WASHINGTON–A National Geographic expedition has located the remote birthing ground of the endangered chiru, also known as the Tibetan antelope, in the Chang Tang, or northern plateau of Tibet. Photographs and film footage of the never-before-documented site will be used to help wildlife biologists persuade authorities to expand protected areas to include the chiru birthing ground.
During a demanding 30-day trek, celebrated mountaineer and team leader Rick Ridgeway, acclaimed climber Conrad Anker, veteran wilderness photographer Galen Rowell and adventure videographer Jimmy Chin followed a herd of female chiru through Tibet’s northern Chang Tang Plateau. Until now no other human has been able to trace the entire migratory route and document the birthing ground of this western population of chiru, whose fine wool is so coveted that the animals are slaughtered by the thousands.
Ridgeway’s account of this extraordinary and at times harrowing journey appears in the April 2003 issue of National Geographic magazine. The expedition, funded by the National Geographic’s Expeditions Council, was the last for photographer Galen Rowell, who perished along with his wife, Barbara, in a plane crash near their home in Bishop, Calif., a month after the expedition.
For these four climbers accustomed to adventure, it was an important journey with an equally important mission. “We can only hope that our efforts will make a difference for the chiru ― that the wild animals we came to admire will be given the space and solace they deserve,” said Ridgeway.
Using specially createdaluminum “rickshas,” designed to carry more than 200 pounds of gear each, the team pulled 30 days’ worth of supplies over 300 miles of desolate and uninhabited terrain at elevations of up to 17,000 feet. At times the team was forced to endure extreme hardships, including walking barefoot across partially frozen creeks while dragging the heavy rickshas. “The tradeoff was two minutes of cold feet versus two hours of wet boots,” said Ridgeway.
According to world-renowned wildlife biologist George B. Schaller, a director for science at the New York-based Wildlife Conservation Society, “A century ago at least a million chiru probably roamed the uplands. By the mid-1990s, possibly no more than 75,000 remained.”
Shawls woven from coveted shahtoosh, meaning “king of wool” in Persian, have been highly prized for a thousand years or more. Because of the widespread poaching for its delicate pelt, the chiru is now declared endangered by international convention (signed by China, Nepal and India), and the trade of shahtoosh wool is illegal. Despite this fact and due to high demand, the wool is still smuggled into Nepal and from there to Kashmir, where it is woven into scarves and shawls.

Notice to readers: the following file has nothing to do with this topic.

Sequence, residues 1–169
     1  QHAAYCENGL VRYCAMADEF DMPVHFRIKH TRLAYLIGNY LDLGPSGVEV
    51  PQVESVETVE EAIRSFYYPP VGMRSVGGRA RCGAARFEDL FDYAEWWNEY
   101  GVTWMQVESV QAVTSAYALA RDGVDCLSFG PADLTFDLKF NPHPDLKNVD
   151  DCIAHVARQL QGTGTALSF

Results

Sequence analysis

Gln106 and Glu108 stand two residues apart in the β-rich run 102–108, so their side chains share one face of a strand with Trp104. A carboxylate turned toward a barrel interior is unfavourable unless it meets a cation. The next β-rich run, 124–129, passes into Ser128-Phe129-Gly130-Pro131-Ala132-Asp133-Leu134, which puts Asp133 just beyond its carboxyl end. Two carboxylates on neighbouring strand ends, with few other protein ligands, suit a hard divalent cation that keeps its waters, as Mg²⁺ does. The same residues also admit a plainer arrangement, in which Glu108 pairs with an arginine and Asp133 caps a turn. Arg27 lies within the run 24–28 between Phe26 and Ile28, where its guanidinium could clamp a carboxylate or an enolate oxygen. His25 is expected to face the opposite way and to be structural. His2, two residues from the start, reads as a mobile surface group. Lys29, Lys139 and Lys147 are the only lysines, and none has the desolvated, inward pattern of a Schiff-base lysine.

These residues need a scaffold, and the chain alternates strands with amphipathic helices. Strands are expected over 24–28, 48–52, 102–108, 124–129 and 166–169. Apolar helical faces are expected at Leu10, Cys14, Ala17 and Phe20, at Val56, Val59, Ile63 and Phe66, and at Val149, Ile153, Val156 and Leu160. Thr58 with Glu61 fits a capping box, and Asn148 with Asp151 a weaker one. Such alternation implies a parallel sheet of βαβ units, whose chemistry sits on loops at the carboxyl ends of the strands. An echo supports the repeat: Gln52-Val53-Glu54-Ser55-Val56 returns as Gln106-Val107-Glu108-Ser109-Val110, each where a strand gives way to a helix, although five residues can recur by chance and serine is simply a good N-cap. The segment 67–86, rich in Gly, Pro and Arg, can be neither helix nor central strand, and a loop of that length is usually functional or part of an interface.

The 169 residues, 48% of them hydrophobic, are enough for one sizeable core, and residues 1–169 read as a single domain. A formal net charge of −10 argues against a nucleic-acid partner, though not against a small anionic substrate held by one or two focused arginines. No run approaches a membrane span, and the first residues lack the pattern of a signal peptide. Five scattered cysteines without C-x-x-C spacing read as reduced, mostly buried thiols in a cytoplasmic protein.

Since the mid-1980s the trade in shahtoosh wool has become so lucrative that the price has sharply risen. A shahtoosh shawl can sell from $3,000 to as much as $15,000 for one that is beautifully embroidered. Until the late 1990s fashion magazines such as Harper’s Bazaar and Vogue continued to promote the wearing of shahtoosh shawls.
Three to five chiru must die to produce the wool required to weave a single shawl, which has resulted in the mass slaughter of them by poachers using high-powered rifles shot from vehicles. Today, despite considerable efforts by China and conservation groups around the globe to protect the rare antelope and prevent the illegal trade of shahtoosh wool, the threat to the chiru remains.
“[Anti-poaching] efforts have been hampered to some extent by the huge area involved, much of it uninhabited, and the lack of adequate knowledge about the species,” said Schaller.
Schaller has studied and lobbied for the protection of the Chang Tang chiru for more than 15 years and supports the expansion of the protected area to include the newly identified calving ground. “In 2001 Xinjiang established the Mid-Kunlun Reserve adjacent to Tibet’s huge Chang Tang Reserve, but the boundary stopped well short of [what we now know is] the calving ground,” he writes in a sidebar to the National Geographic article.
In his years studying the chiru, Schaller found that there are four main populations on the Chang Tang Plateau and that for some mysterious reason, each May or June the females of the largest, western population begin a long trek northward from Tibet into Xinjiang. They return to the herd weeks later with their newborn calves. In 2001, trekking south from China’s Xinjiang Autonomous Region, Schaller found a concentration of pregnant females, but was unable to wait and witness the births.
On May 27, 2002, Schaller’s notes in hand, the elite team of mountaineers led by Ridgeway set out to locate the birthing ground of Tibet’s western chiru herd. A month later, under punishing conditions and through areas such as the one they termed the “Gorge of Despair,” Ridgeway and team successfully obtained the first photographic proof of a calving ground north of the Chang Tang Reserve.
After the discovery the team still had to continue on foot for 100 miles to reach the nearest roadhead. En route to their waiting vehicle, they discovered a large mining camp. “Through my binoculars I spot fresh tailings, bulldozers, a crane, and dozens of people, where only a year before George Schaller had found wilderness,” writes Ridgeway. A 60-mile dirt road had been constructed to access the mine.
This road, says Ridgeway, “could also give poachers easy access to the calving grounds,” making it even more important to protect the birthing ground. “To save the chiru, we must safeguard this wild nursery.”
An exhibit on the expedition, featuring one of the rickshas used during the trek, will be on display at National Geographic’s Explorers Hall March 19 through June 8. The expedition will be featured in National Geographic Ultimate EXPLORER’s “Deadly Fashion,” airing this summer on MSNBC.
On the Net: www.nationalgeographic.com/ngm